Oral Histories-Bears in Yellowstone

Project Type:  Oral History
Project Status:  Ongoing

The history of bear management in Yellowstone National Park is of great public interest and provides natural and cultural resource managers with perspective regarding the work they do. The National Park Service, in cooperation with the Yellowstone Park Foundation, conducted interviews with decision makers and wildlife managers who have been involved in the park’s bear management practices. Beginning in 2006, the National Park Service identified 78 individuals for potential interviews through references by park staff and self-identification. Park staff conducted 33 new interviews with individuals from that group. Staff also converted and transcribed five existing but un-transcribed interviews vital to the subject to a digital format. Six additional interviews are scheduled as of 2009. The Yellowstone Park Foundation is supporting the completion of these interviews. The interviews were recorded on digital recording equipment, which produces better sound quality, a more secure format for preservation, and a more accessible format for the public. Park staff are also converting tapes in the archives on all subjects with the new equipment donated by the Yellowstone Park Foundation for this project. Excerpts of the bear management history interviews with slide shows are available for download.
 

Speaker
 
Synopsis
Video

Gary Brown was Yellowstone's bear management specialist. He began working in the park in 1965.
 
Mr. Brown talks about the creation of the Interagency Grizzly Bear Study Team, open dumps at Cooke City, former Superintendent John Townsley, and the creation of bear management areas.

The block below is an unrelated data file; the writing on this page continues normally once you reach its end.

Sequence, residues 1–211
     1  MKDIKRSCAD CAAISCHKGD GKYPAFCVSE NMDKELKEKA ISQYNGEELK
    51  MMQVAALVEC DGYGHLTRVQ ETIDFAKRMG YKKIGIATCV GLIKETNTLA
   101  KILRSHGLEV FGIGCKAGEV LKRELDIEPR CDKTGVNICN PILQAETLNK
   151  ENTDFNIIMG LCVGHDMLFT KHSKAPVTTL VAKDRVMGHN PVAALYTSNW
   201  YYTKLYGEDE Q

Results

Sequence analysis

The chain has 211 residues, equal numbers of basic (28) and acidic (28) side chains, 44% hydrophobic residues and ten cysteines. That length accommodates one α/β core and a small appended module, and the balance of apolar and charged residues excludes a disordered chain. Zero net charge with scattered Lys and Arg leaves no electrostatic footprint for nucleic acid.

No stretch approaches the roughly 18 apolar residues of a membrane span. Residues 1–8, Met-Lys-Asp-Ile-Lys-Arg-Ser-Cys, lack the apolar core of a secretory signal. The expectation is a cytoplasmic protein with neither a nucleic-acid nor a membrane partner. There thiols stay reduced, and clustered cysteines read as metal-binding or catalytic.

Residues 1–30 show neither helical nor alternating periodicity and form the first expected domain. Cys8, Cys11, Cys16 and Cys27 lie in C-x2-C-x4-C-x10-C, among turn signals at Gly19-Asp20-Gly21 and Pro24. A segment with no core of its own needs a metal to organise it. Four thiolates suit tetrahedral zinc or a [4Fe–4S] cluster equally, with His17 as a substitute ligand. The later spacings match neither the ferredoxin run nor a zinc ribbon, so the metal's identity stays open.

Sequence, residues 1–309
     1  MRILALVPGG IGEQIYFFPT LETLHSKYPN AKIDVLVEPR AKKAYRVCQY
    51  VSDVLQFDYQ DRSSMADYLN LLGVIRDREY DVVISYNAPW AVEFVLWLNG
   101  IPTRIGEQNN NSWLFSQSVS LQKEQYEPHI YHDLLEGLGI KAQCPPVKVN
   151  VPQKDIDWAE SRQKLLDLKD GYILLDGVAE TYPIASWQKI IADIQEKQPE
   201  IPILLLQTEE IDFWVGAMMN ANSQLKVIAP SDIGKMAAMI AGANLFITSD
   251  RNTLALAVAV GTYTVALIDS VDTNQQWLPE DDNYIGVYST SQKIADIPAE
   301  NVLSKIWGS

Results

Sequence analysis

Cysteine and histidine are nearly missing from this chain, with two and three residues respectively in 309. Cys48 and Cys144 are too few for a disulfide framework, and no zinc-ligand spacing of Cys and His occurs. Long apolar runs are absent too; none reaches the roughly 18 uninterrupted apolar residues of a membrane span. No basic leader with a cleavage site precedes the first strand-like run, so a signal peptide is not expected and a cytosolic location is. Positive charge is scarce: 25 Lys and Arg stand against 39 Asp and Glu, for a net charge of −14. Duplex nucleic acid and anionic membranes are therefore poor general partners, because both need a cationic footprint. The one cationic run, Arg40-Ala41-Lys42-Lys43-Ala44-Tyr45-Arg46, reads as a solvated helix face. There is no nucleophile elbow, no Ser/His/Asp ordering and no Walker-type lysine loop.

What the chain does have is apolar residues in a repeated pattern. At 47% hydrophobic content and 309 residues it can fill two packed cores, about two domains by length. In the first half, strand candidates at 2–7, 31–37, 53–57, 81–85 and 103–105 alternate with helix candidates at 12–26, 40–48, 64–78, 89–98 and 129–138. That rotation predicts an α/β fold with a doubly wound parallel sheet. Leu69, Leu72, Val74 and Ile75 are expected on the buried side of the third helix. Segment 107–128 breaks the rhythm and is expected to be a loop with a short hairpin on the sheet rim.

Bill Hape was a longtime National Park Service maintenance employee.
 
Mr. Hape talks about managing garbage during the era of open dumps, about keeping bears out of food during a time when refrigeration was not available in the interior of Yellowstone, and bears in Gardiner.

Bob Howe was the Yellowstone National Park biologist from 1961 to 1966.
 
Mr. Howe talks about why he left Yellowstone for Alaska and about statements in the press that indicated that he was moved against his will. John Good, a park manager, was present and speaks in another segment of this interview.

Mary Meagher was the park curator/naturalist from 1959 to 1967 and park biologist from 1968 to 1997.  
Glen Cole was a longtime park biologist who began working in Yellowstone in 1966.
 
Ms. Meagher and Mr. Cole talk about the process of changing bear management in Yellowstone during the time that they were working on closing the open dumps in Yellowstone.

Bob Morey began working in Yellowstone as a “smoke chaser” in 1943 and stayed through 1952 when he took a job in Badlands National Park. He returned to work in Yellowstone from 1960 to 1967.
 
Mr. Morey talks about nighttime removal and extermination of grizzly bears in the Lake area and about visitor/bear interactions during the 1950s
   
   
Mr. Morey talks about visitor/bear interactions and managing bear jams in the 1950s.

Harry Reynolds, III grew up in Yellowstone where his father served as the chief ranger. He began working with the Craighead brothers while still in his teens.
 
Mr. Reynolds talks about his perspective on the conflict between the National Park Service and the Craighead brothers.

Chuck Schwartz is the Interagency Grizzly Bear Study Team leader.
 
Mr. Schwartz talks about the challenges of his job as Interagency Grizzly Bear Study Team leader.

Ted Scott was the North District Ranger in Yellowstone and a Yellowstone park ranger from 1964 to 1978.
 
Mr. Scott discusses what it was like to move bears around in the park.

Project Contact:

Charissa Reid
National Park Service
Oral Historian

Yellowstone Center for Resources
PO Box 168
Yellowstone National Park, WY 82190